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The protests against Lukashenko spread to the state factories of Belarus

Belarusian state factories have been the pride of Aleksandr Lukashenko for years. This Friday, outraged by the degree of repression and violence against peaceful protesters, workers in some strategic industries and companies have left their jobs to cry out against the authorities. Thousands of employees of the popular TMZ tractor factory, one of the giants that has survived since the Soviet era and is one of the symbols of the country, or of the Minsk automotive plant have marched through the center of the capital alongside railwaymen , health professionals, students, teachers, workers, musicians, telecommunications engineers to demand the release of political prisoners, an end to violence, the resignation of President Lukashenko and the calling of new elections. The mobilizations against electoral fraud in Sunday’s elections that a large part of civil society has maintained since Sunday have spread to the factories, one of the pillars of the country, Lukashenko’s bases, and put the authoritarian leader on the ropes.

After years of repression, silencing of critical voices and attacks on human rights, something seems to have sprung up in Belarusian society. This Friday, spurred by the images that emerge after the Internet cuts and the testimonies about police brutality that the detainees who are released are beginning to reveal, different large companies across the country have joined a work stoppage against the scheme that can represent a gap of billions of rubles. “Go away,” they shouted at Lukashenko, with signs with slogans like ‘Down’, many carrying flowers. Lukashenko, who assured that the protesters were “sheep managed from abroad” or “drunkards and drug addicts”, has also tried to minimize the demonstration saying that there were four cats. TMZ employees answered him on a banner: “We are not cows or sheep, we are MTZ workers, we are not 20; we are 16,000 ”. In an attempt to appease spirits, the riot police have not intervened this time in the protests that may mark a new phase in the future of Belarus, the former Soviet republic of 9.4 million people and, for many in the West, still “the last dictatorship in Europe ”.

Daniil Chejovich spent 80 hours with 30 other men in a cell of ten. The 20-year-old blogger says that he was not even participating in the protests but was accompanying his girlfriend home when he was arrested. “They kicked me, they beat me so much on the floor of the detainee bus that I only saw blood. They threatened to rape me with a stick and in fact they tried; It hurt, ”he says on the verge of tears by phone from Minsk. “Mostly they tortured young men. And the psychological violence to which they subjected us… a boy with long hair was cut off on the same bus where the detainees were transferred because they said he ‘looked like a fag,’ says Chejovich, who was released this morning. Another young woman told the Belarusian independent portal tut.by how ten riot police beat her, pulled down her pants and threatened to rape her.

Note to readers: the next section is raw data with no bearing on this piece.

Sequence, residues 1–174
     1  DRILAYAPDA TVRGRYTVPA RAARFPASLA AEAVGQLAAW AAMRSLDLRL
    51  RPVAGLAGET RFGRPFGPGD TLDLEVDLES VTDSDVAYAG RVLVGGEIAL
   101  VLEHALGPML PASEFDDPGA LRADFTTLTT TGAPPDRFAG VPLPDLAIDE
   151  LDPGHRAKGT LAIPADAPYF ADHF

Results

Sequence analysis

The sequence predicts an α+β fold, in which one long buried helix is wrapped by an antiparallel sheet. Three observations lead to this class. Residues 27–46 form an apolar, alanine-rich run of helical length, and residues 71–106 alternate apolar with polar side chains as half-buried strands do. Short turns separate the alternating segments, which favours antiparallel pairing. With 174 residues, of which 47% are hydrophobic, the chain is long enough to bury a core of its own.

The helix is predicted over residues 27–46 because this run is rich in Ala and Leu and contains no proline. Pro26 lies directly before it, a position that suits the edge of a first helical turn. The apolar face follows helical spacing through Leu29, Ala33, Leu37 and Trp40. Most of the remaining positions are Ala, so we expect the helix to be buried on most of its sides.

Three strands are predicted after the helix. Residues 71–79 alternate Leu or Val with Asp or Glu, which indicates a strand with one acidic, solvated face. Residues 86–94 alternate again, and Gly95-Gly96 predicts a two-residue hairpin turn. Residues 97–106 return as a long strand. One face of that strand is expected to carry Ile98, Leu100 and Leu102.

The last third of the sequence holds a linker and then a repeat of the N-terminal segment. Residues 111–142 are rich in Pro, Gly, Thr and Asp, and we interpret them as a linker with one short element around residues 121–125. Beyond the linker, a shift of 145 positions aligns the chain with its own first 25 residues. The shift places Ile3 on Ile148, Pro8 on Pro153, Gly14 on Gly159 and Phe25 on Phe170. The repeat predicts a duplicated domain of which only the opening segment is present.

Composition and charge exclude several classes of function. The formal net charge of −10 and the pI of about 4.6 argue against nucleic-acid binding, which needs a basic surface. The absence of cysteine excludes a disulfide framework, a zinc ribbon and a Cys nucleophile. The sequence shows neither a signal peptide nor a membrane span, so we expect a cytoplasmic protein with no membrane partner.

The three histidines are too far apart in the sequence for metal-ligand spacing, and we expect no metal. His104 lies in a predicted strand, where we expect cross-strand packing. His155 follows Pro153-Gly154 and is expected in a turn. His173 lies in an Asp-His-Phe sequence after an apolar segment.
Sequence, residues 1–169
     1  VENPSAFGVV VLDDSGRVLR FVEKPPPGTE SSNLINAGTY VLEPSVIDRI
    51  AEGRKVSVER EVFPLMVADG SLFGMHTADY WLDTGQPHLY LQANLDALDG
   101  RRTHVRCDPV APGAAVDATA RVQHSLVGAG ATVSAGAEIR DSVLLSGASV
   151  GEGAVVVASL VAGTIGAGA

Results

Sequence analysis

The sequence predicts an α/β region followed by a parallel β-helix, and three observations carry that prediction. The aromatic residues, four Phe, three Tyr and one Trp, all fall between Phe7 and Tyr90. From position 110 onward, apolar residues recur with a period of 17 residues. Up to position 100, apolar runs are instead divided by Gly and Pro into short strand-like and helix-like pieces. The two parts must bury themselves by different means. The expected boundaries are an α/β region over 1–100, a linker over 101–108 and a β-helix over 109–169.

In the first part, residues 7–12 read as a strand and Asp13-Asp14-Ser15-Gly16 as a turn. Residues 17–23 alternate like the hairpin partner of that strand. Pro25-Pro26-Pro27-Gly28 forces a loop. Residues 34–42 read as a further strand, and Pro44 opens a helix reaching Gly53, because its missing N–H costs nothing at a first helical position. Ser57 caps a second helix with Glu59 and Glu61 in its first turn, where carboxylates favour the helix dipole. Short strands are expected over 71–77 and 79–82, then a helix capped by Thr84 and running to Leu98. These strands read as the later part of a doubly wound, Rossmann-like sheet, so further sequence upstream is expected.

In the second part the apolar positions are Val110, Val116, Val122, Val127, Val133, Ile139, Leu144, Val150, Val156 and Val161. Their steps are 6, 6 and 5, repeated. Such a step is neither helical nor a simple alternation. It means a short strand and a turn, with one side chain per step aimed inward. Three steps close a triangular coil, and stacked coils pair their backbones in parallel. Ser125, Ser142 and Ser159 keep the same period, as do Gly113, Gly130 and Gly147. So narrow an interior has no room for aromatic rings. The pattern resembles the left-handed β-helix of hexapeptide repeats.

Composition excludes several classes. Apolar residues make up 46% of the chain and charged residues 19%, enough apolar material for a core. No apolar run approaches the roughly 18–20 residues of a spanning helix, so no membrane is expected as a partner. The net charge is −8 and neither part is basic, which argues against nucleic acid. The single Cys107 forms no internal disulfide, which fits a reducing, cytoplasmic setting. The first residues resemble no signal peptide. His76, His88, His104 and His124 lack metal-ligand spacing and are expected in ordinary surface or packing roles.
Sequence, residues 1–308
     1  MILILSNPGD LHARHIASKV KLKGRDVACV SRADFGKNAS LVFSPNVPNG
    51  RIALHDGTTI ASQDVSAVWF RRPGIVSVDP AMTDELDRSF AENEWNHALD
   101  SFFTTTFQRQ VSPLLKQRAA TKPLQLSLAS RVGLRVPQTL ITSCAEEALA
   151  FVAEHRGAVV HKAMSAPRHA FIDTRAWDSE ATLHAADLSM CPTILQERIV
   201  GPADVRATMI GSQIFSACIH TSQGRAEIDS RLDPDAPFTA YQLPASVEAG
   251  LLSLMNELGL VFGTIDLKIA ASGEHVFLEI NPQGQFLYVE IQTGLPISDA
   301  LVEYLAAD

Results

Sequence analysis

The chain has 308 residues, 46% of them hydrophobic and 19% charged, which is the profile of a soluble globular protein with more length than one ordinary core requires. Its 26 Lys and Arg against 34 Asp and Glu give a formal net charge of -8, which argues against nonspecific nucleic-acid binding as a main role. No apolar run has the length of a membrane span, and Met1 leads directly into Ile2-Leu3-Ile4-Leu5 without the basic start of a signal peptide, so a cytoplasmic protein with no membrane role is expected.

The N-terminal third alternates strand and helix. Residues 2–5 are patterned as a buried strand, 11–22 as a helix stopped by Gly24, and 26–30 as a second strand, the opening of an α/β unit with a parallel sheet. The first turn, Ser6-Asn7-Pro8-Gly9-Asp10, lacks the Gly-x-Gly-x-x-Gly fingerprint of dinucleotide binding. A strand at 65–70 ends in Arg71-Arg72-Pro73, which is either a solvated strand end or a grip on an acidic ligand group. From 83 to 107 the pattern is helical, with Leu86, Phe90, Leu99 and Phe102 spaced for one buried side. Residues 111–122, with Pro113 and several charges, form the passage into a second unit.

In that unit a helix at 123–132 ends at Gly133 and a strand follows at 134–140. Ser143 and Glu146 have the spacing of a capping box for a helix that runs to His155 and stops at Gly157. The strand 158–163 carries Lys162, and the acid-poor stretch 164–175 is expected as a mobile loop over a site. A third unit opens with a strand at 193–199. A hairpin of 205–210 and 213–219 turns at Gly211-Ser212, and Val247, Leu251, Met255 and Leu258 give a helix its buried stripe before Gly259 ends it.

Civil rights organizations such as Amnesty International and Human Rights Whatch have documented torture and ill-treatment of protesters. Oleg Gulak, veteran activist and head of the NGO Helsinki Committee of Belarus, says the violence against protesters and detainees is “unprecedented” in the country. By the magnitude and by the cruelty. “We are witnessing massive torture during arrests, during transportation and in the detention centers themselves,” he says. One protester died during the protests and another during police custody. The authorities have avoided talking about the second case and say that the first died when a Molotov cocktail was exploded, but witnesses cited by local media say that he was hit by a stun grenade thrown by the riot police.

Lukashenko, to whom the electoral commission gave 80% of the votes compared to 10% of his main rival, Svetlana Tijanóvskaya, maintains his speech. Also at the moment, and although it is very weakened, the control of the state apparatus and the Army. “To begin with: I am alive for now and have not left the country,” he stressed ironically. “You and our children are being used as cannon fodder,” he stressed, insisting that the mobilizations are an “aggression against Belarus” orchestrated from abroad. Meanwhile, the thirty alleged Russian mercenaries arrested a few weeks ago in Minsk and accused of planning riots to destabilize the country, which Lukashenko used to grease his speech on the “external threat” have been returned to Moscow, according to the Russian attorney general’s office. Ukraine, which recognized some of the paramilitary contractors for their involvement in the Donbas war, had requested their extradition for trial.

The protests did not decline despite the fact that Tijanóvskaya has been a refugee in Lithuania since Tuesday, due to a potential threat against her children; her husband has been imprisoned in a Belarusian prison since May. In a movement that may mark the path of protests, the opposition leader has reappeared this Friday with a video message in which she demands a new electoral recount and urges the Government to end the violence and initiate a dialogue with the protesters. “Belarusians will never want to live under the current government. The authorities have turned the peaceful demonstrations into a bloodbath, “said Tijanóvskaya, who asked the EU countries for help to mediate the dialogue and announced the creation of a coordinating committee to help ensure a” political transition of power. ”. A council that will include representatives of civil society, respected Belarusians, professionals from different fields.


elpais.com